it. Thanks to the PUMA, as the 1980s got
under way, robots became ubiquitous in car
factories, automated assembly lines made
unimaginable efficiencies possible, and put
thousands out of work. But they didn’t look
like proper robots, did they?
As we look around our Facebook feeds
in 2018, evidence of the rise of the robots
comes thick and fast in videos going viral
from robotics labs all over the world. You’ve
seen the one with the four-legged robot
opening to door to let itself out, right?
Combined with artificial intelligence, and
the ability to run through the woods (you’ve
seen that one, too, right? And the one with
the robot jumping and doing mid-air flips).
Boston Dynamics, a company which started
as spin-off from the Massachusetts Institute
of Technology have been making a big noise
with their videos of robot stress tests (it’s
their SpotMini bot that can open doors), and
they’re certainly delivering on their company
mission statement, “Changing your idea of
what robots can do…”.
Elsewhere, at the 2018 Consumer
Electronics Show in Las Vegas, several
new domestic robots were unveiled. The
Aeolus Robot can hoover and mop floors, and
recognise 1,000 household items and pick
them up and put them away with its agile
arm. Ubtech Robotics’ Walker robot can
stroll around your property like a security
guard. It can also play music, dance and do
all kind of tasks via voice commands, like
emailing and video conferencing. Honda,
whose ASIMO robot first hit the headlines in
2000, has a new 3E range of robots (the three
Es are Empower, Experience and Empathy)
including the A18 which shows empathy
with a variety of facial expressions. And
inevitably, the Californian RealDoll company
is developing sex robots. They’re close
enough to developing a commercial model for
there to be a bona fide Campaign Against Sex
Robots (campaignagainstsexrobots.org).
KRAFTWERK
‘ SPA C E L A B ’
19 7 8
2 0 18
Kraftwerk generally avoided the star-gazing
of their kosmische counterparts over in
Berlin, but it did creep into proceedings
once or twice in the 1970s (they were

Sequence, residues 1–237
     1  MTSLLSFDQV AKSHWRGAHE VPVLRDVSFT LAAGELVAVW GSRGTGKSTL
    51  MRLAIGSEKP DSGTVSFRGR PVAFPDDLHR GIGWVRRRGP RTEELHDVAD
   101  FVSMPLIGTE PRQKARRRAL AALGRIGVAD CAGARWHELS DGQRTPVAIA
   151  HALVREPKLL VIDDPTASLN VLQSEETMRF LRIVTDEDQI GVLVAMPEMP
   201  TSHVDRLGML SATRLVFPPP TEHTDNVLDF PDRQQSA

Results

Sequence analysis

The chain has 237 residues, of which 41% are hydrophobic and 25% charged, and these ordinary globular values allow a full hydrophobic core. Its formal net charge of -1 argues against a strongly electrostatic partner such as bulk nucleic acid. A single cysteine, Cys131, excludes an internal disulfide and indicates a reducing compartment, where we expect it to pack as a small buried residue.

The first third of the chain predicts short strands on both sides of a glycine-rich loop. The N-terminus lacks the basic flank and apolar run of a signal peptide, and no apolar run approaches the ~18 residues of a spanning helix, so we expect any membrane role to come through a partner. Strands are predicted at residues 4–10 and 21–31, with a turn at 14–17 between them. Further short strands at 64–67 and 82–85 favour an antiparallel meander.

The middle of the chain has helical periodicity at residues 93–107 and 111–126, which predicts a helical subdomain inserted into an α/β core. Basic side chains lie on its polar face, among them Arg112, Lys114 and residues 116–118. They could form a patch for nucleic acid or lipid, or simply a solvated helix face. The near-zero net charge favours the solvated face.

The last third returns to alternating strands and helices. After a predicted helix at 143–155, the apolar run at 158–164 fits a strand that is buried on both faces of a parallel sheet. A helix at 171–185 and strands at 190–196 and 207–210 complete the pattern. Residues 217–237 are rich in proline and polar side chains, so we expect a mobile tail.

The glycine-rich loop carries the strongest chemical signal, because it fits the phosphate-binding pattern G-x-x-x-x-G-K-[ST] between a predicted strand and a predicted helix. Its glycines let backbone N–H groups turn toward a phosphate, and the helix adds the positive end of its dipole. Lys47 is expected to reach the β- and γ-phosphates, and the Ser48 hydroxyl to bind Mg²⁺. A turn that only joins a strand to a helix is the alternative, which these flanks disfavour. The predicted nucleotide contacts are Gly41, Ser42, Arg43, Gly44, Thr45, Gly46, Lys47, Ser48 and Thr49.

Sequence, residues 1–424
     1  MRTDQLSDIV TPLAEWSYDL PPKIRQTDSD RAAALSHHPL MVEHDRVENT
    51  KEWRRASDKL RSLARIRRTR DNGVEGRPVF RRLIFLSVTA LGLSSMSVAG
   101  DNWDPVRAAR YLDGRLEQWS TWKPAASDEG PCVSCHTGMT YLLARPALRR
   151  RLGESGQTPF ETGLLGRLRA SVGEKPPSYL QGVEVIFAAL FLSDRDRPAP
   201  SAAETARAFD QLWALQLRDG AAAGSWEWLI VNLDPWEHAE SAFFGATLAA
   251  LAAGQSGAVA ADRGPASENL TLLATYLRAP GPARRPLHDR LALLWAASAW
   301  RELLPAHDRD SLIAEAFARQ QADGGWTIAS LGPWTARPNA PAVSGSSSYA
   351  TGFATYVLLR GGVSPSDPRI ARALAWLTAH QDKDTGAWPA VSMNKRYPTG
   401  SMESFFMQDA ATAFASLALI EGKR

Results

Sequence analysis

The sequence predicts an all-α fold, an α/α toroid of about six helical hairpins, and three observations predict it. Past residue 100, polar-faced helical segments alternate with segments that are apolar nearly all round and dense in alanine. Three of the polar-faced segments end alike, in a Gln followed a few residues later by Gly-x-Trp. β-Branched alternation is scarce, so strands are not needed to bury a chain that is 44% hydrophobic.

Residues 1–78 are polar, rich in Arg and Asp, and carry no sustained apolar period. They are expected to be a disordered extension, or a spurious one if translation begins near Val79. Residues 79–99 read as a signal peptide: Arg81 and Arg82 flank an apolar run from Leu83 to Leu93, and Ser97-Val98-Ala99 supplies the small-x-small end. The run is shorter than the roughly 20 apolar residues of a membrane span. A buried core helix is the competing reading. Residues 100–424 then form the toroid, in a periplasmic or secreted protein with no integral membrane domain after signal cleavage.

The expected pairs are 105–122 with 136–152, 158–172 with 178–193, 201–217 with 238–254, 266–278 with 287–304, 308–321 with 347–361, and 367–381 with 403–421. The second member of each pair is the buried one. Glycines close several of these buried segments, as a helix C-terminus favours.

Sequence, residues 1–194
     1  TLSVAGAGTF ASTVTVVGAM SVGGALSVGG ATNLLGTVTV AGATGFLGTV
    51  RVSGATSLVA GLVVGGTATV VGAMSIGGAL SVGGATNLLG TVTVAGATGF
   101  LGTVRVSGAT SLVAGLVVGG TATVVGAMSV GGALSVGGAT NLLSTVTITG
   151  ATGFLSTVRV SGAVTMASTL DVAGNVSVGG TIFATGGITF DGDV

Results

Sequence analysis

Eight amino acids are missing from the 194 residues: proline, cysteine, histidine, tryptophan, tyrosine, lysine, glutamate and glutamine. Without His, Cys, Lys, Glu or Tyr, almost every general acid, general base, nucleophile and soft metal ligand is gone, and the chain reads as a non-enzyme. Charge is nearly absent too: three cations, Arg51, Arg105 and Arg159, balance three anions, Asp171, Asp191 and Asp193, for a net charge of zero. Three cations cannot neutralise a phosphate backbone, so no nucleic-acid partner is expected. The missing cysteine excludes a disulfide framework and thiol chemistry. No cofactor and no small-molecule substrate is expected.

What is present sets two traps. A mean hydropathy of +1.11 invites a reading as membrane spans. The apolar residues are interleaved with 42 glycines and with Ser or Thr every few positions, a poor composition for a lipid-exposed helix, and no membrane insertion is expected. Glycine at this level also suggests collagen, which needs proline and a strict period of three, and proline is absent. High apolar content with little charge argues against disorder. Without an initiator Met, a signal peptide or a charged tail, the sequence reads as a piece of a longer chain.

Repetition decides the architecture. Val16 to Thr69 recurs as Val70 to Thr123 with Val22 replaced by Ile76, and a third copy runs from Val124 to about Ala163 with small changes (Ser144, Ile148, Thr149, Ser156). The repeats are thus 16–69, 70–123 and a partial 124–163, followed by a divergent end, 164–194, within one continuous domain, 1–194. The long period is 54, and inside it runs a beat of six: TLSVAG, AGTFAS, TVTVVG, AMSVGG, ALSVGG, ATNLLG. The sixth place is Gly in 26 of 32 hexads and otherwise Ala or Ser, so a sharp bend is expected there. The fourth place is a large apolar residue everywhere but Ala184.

pretty interested in comets in 1974), and
here we have their celebration of Spacelab.
Wait, what’s that? Spacelab? There was
no Spacelab! There was a Skylab, the
American space station which orbited the
Earth between 1973 and 1979. But now you
mention it, Ralf, Spacelab would have been
a better name for the science lab in space,
or, as NASA preferred to call it, their Orbital
Workshop.
The final trio of astronauts to crew
Skylab, from November 1973 to February
1974 sound like the crew of John Carpenter’s
dark space comedy ‘Dark Star’. Two of them
were badly space sick, but decided to keep
it a secret from Mission Control, without
realising that Mission Control could (and did)
download and listen to recordings of all their
conversations. The crew later decided that
being asked to work 16 hours a day without
a day off was a bit much, and went on strike.
They turned off the communication channels
and kicked back for a day. In December, they
photographed Comet Kohoutek, the same
one that inspired Ralf and Florian to pen a
couple of versions of ’Kometenmelodie’ and
‘Kohoutek-Kometenmelodie’.
In 1978, as Kraftwerk carefully enunciated
‘Spacelab’ into a vocoder down below in
Düsseldorf, NASA noticed that the by-now
empty Skylab’s orbit was “decaying”, or
in plain English, it was about to plunge to
Earth. In July 1979 it re-entered the Earth’s
atmosphere and broke into pieces which
landed in both the Indian Ocean and western
Australia. Today, chunks of Skylab can be
seen in low-rent museums in the Australian
outback.
After Skylab, the Russians launched MIR,
then there was the International Space
Station, which pretends to be Father
Christmas’ sleigh once a year. In 2011, China
put Tiangong-1 into space and by the time
you read this, it should have re-entered the
Earth’s atmosphere and broken up, according
to the report the Chinese gave to United
Nations Office for Outer Space Affairs.
Tiangong-2 launched in 2016.
But the space headlines in 2018 belong
to Elon Musk, the man with the comedy
billionaire comic strip character name,
whose fantastic wealth is funding his
SpaceX company and their long-term
ambition to colonise Mars. Falcon Heavy
was launched in February, with a Tesla car
on board, and a dummy called Starman
(after the Bowie song) in a spacesuit driving
it, while ‘Space Oddity’ played on the car
stereo. Reality has outstripped both fiction
and Kraftwerk’s observation of the race for
space in this peculiar 21st century we find
ourselves in.
43
‘ ME T R OP OL IS ’
44
19 7 8
2 0 18
It’s not specified whether the Kraftwerk lyric
(if you call repeating the word ‘Metropolis’
six times a lyric) is about the 1927 Fritz Lang
film which tackled the de-humanising impact
of industrialisation on the human soul, or
whether it’s a wider attempt to evoke the
idea of a city.
Received wisdom is that it’s inspired by
the film, which is rather cemented by the
fact the film played on a loop during press
launch of the album in Paris in April 1978. The
driving nature of the song and its unresolved
melodic tension certainly seems to suggest
the edgy and energetic throb of a large city.
It works either way; the film was about a
future dystopian city, powered by a “Heart
Machine”, giant clocks beating out time,
and the same ideas could be applied to any
modern metropolis, Lang’s prescient vision
holds to this day.
Fritz Lang’s film was set in 2026,
unimaginably far into the future for him (100
years), and nearly 50 years for Kraftwerk.
The film went on to have its own decidedly
messy life-cycle. On release, ‘Metropolis’
received mixed reviews, bombed at the box
office and was cut from nearly three hours
long to a more manageable 80 minutes, which